from GeneWatch 26-5
Nov-Dec 2013

The Council for Responsible Genetics is saddened by the passing of Adrienne Asch on November 19. A former member of the CRG Board of Directors, Adrienne was most recently director of the Center for Ethics at Yeshiva University and the Edward and Robin Milstein Professor of Bioethics as well as professor of epidemiology and population health and family and social medicine at Albert Einstein College of Medicine.

A pioneer in disability studies, Adrienne was always trying to change the all too frequent belief that disability was tragedy rather than just another aspect of human life and maintained that the rights of disabled women should be as much a feminist concern as those of able-bodied ones.

Her work was devoted to the ethical, political, psychological, and social implications of human reproduction and the family. She produced tremendous scholarship that stood at the nexus of bioethics, disability studies, reproductive rights and feminist theory. Her publications include two volumes of which she was a co-editor: Women with Disabilities: Essays in Psychology, Culture, and Politics (1988, with Michelle Fine) and Prenatal Testing and Disability Rights (2000, with Erik Parens).

Adrienne was fiercely committed to defending the rights of all human beings, particularly the rights of children with disabilities and opposed the use of prenatal testing and abortion to select children free of disabilities.  As she wrote in one of her frequent contributions to GeneWatch:

My moral opposition to prenatal testing and selective abortion flows from the conviction that life with disability is worthwhile and the belief that a just society must appreciate and nurture the lives of all people, whatever the endowments they receive in the natural lottery. I hold these beliefs because there is abundant evidence that people with disabilities can thrive even in this less than welcoming society. Moreover, people with disabilities do not merely take from others, they contribute as well-to families, to friends, to the economy. They contribute neither in spite of nor because of their disabilities, but because along with their disabilities come other characteristics of personality, talent, and humanity that render people with disabilities full members of the human and moral community.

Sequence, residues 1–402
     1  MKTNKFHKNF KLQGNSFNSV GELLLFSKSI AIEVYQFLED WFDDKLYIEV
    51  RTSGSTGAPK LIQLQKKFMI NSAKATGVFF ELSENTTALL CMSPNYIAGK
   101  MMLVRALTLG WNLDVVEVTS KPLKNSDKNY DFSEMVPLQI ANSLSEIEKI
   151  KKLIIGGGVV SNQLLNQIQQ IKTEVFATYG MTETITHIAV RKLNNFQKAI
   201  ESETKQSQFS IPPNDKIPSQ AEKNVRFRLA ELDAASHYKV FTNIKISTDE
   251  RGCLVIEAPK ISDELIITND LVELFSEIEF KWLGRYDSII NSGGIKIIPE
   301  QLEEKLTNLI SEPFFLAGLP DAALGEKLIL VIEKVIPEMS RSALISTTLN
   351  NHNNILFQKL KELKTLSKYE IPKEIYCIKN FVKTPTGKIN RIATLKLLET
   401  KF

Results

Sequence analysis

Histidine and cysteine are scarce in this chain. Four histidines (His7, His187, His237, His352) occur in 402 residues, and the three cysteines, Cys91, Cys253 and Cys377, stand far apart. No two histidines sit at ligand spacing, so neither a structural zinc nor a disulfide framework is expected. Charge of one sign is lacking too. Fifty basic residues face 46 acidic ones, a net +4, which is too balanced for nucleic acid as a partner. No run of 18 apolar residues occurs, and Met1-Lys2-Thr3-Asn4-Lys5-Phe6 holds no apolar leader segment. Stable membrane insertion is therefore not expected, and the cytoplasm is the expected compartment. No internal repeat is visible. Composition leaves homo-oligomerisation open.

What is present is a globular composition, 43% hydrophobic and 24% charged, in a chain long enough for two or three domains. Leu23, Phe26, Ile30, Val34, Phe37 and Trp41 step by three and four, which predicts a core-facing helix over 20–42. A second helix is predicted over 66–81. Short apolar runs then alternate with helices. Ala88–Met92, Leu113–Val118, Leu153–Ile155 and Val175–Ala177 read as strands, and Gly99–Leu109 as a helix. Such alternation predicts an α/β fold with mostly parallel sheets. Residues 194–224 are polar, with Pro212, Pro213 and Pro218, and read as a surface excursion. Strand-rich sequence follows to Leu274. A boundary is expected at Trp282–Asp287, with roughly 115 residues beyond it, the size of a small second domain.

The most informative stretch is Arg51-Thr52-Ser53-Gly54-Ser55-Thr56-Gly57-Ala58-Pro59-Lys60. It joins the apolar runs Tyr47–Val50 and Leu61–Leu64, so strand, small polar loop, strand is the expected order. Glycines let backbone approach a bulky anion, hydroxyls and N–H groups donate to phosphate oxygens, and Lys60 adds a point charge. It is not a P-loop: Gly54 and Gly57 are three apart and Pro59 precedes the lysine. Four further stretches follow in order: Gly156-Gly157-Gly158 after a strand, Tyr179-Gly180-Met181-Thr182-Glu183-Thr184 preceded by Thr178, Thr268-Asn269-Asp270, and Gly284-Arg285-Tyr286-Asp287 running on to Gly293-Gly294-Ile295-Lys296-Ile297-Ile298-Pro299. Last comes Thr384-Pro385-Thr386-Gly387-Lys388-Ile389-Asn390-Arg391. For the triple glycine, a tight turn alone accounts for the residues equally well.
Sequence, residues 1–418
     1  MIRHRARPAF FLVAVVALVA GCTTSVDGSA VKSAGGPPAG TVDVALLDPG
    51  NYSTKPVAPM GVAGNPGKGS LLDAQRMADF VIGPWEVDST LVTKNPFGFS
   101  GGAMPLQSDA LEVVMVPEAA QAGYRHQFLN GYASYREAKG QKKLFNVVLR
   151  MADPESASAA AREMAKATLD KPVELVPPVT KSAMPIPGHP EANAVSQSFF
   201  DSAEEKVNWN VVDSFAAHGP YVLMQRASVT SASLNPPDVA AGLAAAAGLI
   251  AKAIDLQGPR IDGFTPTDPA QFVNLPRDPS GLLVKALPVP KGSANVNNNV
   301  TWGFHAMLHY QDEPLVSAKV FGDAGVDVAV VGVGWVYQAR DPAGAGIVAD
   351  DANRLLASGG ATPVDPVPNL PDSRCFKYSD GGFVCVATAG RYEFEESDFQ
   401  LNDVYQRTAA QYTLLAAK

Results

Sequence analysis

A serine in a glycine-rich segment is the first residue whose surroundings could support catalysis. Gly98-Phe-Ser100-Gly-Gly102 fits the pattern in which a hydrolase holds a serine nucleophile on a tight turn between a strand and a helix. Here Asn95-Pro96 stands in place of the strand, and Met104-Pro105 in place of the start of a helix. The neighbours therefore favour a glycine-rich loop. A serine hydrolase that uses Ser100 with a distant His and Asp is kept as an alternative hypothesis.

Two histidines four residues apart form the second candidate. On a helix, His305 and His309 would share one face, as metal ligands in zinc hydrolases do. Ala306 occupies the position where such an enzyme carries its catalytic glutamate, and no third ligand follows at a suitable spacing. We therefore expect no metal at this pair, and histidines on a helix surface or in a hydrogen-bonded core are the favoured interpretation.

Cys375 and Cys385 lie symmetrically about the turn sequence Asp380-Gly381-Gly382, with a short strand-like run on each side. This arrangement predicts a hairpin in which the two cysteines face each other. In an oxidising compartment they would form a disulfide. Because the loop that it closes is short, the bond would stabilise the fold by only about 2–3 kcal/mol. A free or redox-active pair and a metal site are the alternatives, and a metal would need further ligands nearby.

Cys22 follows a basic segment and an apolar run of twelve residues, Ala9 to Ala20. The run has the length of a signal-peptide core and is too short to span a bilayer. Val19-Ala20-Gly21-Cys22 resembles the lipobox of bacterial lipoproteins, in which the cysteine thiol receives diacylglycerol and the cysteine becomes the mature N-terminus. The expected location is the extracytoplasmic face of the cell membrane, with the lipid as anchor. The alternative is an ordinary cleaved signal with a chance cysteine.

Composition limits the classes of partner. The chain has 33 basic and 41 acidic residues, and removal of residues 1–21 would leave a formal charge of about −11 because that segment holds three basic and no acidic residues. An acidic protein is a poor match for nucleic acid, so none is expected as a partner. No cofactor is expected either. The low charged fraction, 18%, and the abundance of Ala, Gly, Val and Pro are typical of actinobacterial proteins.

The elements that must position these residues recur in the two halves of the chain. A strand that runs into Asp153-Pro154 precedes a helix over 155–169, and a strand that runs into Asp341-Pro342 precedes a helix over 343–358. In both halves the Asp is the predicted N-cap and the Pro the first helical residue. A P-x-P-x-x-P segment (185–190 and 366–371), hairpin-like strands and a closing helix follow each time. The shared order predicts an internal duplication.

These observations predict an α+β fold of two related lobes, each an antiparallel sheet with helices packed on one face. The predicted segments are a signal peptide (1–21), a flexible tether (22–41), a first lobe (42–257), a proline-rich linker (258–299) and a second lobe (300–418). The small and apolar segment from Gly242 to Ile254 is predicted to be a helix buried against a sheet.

When recently asked what she saw as the most pressing bioethical problem today, Adrienne responded:

There isn't enough social justice discussion in bioethics, whether it's about healthcare or about the equality of all people with their different characteristics. I'm looking for a society that respects the uniqueness and the contributions of every individual, and the capacity of each individual to contribute according to their abilities ... and to be provided for according to their needs. And that's an old socialist-Marxist notion, but it's the society I'm interested in creating. And I'd like a bioethics along with a feminism that was interested in creating that. I think that's out of fashion but that's really what I'm looking for.

Her sharp mind and her love of ideas will be sorely missed by her friends and colleagues.

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